The Securities and Exchange Commission issued a "Wells Notice" to Netflix (NASDAQ: NFLX) and its CEO Reed Hastings, the company said Thursday.

The move arises from regulators' determination that a Facebook post by Hastings violated Regulation Fair Disclosure, a rule that requires companies to share material and non-public information with all investors. Netflix disclosed the receipt of the Wells Notice in a regulatory filing, USA Today reported.

The post may have violated rules of fair disclosure, the SEC said. The SEC said it may also issue a cease-and-desist proceeding against Netflix and Hastings, The Wall Street Journal reported.

The Securities and Exchange Commission declined comment.

Hastings wrote in the filing that the SEC's allegation stems from a posting he made on July 3. In that post, Hastings told the 200,000 people who subscribe to his Facebook posts that Netflix members had viewed more than 1 billion hours of programming on the service in June. The company did not file an official regulatory filing disclosing that information.

Hastings disputes the allegation, saying that having 200,000 followers on Facebook made his disclosure public. He says the 1 billion hours of viewing not only was not a material fact, but had already been disclosed on a public blog.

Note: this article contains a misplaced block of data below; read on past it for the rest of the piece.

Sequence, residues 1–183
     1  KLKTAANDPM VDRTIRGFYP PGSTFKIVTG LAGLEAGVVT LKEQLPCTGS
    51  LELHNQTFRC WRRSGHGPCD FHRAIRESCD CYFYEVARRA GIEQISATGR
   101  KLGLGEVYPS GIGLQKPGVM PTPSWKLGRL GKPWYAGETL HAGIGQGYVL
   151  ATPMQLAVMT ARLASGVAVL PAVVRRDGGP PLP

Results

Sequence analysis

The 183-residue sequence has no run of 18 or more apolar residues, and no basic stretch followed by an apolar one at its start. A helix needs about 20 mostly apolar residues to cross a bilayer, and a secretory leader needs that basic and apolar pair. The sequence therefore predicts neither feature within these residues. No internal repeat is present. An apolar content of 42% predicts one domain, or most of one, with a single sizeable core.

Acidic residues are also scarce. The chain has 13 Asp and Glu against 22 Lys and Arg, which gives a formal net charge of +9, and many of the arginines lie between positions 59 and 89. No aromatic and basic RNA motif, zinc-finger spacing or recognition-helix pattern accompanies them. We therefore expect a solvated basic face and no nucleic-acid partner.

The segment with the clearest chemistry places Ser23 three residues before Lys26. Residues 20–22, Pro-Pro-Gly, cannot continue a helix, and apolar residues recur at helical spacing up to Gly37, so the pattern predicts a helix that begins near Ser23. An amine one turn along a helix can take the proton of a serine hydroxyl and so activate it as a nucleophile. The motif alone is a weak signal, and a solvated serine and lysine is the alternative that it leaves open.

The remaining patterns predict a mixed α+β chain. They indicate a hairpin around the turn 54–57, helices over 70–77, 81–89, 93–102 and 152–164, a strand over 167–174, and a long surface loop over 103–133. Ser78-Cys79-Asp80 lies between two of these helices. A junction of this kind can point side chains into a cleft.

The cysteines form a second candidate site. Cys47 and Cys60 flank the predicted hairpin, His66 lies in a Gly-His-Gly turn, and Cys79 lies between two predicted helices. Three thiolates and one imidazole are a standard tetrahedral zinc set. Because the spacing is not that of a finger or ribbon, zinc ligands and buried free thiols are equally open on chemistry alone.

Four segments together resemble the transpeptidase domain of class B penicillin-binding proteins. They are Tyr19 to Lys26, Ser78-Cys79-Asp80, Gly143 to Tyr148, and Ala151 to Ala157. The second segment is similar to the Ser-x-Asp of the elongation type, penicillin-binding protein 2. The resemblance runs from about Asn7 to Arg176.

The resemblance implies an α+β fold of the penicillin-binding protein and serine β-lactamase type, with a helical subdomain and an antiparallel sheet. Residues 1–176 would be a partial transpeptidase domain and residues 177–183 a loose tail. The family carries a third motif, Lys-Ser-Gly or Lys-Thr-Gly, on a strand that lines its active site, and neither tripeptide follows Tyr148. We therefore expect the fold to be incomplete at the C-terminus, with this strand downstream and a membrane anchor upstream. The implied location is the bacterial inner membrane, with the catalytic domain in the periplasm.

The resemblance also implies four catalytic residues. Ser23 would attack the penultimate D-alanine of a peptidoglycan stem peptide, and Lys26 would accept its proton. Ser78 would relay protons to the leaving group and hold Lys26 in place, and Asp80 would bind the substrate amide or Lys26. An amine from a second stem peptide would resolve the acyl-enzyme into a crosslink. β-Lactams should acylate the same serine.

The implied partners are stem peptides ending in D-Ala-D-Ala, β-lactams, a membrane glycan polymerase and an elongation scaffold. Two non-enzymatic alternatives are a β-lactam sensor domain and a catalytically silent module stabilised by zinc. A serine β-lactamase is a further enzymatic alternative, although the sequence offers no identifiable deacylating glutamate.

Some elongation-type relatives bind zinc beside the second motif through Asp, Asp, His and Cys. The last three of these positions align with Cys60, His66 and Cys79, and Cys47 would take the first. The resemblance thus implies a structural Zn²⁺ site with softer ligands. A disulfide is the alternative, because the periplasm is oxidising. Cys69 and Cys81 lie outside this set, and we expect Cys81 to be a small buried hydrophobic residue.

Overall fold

He also says that while Netflix' stock rose the day he posted on Facebook, the stock's rise started before the mid-morning post and probably was driven by a positive Citigroup research report. The stock rose 6.2 percent that day.

"We remain optimistic this can be cleared up quickly through the SEC's review process," Hastings wrote.

Other executives have drawn scrutiny for their social-media actions in the past, the Journal notes. Earlier this year, Gene Morphis, chief financial officer of Francesca's Holdings, a publicly traded retail chain, was fired after revealing information about the company on Facebook and Twitter. This summer, Adam Smith, CFO of medical device manufacturing company Vante, also lost his job after he uploaded a video on YouTube of himself berating a Chick-fil-A employee. He later apologized with a tearful apology video on YouTube.

"Facebook and Twitter... are a quasi-public domain," said Robert Bartlett, University of California, Berkeley law professor. "There are good arguments to be made on either side about social media and securities law. Social media is exactly in the gray area."